Sunday, June 12, 2011

The Legend of Bhagat Singh... starring Ajay Devgn

After the positive response to my review of Asoka, I thought I would continue looking at ambitious films that underperformed at the box office. This week it’s The Legend of Bhagat Singh, directed by Rajkumar Santoshi and starring Ajay Devgn. It was one of two underperforming films on revolutionary figure Bhagat Singh that released in the summer of 2002 - the other being the Deol home production 23rd March 1931: Shaheed starring brothers Bobby and Sunny Deol. While 23rd March has mostly disappeared from public consciousness, The Legend of Bhagat Singh earned Ajay Devgn the National Award and is still discussed as a highlight of his career.

Bhagat Singh (1907-1931) was a Punjabi revolutionary cum martyr whose execution by the British is now remembered as a flashpoint in the Indian Independence movement. He fought for prisoner rights, for social equality, and for freedom from religion... and the British. Like any martyr, the heroic facts of his final days have come to define his life and Bhagat Singh’s story is told with a heavy dose of fatalism across India
and Pakistan. All these years later, Bhagat Singh is still a controversial figure among the elites and is sometimes referred to as a terrorist but he is a man whose message of social justice and freedom continues to resonate among diverse groups from students in Pakistan to Dalits in India.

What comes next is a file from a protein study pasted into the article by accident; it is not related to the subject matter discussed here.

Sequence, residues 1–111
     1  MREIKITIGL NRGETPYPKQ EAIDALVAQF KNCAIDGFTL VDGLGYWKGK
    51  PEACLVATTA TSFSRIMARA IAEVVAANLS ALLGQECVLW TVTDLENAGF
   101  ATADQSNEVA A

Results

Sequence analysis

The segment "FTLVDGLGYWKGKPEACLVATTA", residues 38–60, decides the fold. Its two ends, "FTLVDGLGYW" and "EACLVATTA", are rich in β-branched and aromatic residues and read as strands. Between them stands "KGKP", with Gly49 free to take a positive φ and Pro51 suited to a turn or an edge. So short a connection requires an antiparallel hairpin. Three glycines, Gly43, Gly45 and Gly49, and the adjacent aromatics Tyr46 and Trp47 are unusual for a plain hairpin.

The accident of fate that led to two films on Bhagat Singh being produced at the same time probably had its roots in the powerful success of patriotic period film
Lagaan with a healthy dose of Partition-set Gadar, which had been an overwhelming success for Sunny Deol. Whatever the cause, both teams wanted to be first to the box office and rushed through production at record speeds. 23rd March roped in Aishwarya Rai at last minute for glamour, while Legend shoehorned in a romantic song with newcomer Amrita Rao. Despite the best efforts of both teams, both Legend and 23rd March tanked at the box office. Was it the concurrent release dates? Was the public tired of historical epics? What went wrong?

I haven’t seen
23rd March (and don’t plan on it – I’ll let a Bobby Deol fan handle that) but I can speak on Legend.

Directed by Rajkumar Santoshi and beautifully shot by Anand K.V. (director of recent Tamil hit
KO), The Legend of Bhagat Singh is a jumble of a film, at times frustrating, exciting, uplifting, pedantic, confused, dull, filmi, nationalist, and anti-nationalist. Despite the fanciful use of the word "legend" in the title, the film takes a literal approach to history and dutifully runs through the facts of Bhagat Singh’s (played by Ajay Devgn) life and death, jumping from important incident to important incident with little time spent on character development or motivation or even explaining the importance of the important incident that occurred. The film reads like a checklist: Young Bhagat Singh is disillusioned by Gandhi? Check. College-aged Bhagat Singh joins the Hindustan Republican Association? Check. Kakori train robbery, arrest, murder of J.P. Saunders, prison, trial, execution? Check, check, check. And in almost every scene, we hear Bhagat Singh spout patriotic and uplifting dialogues on a variety of topics.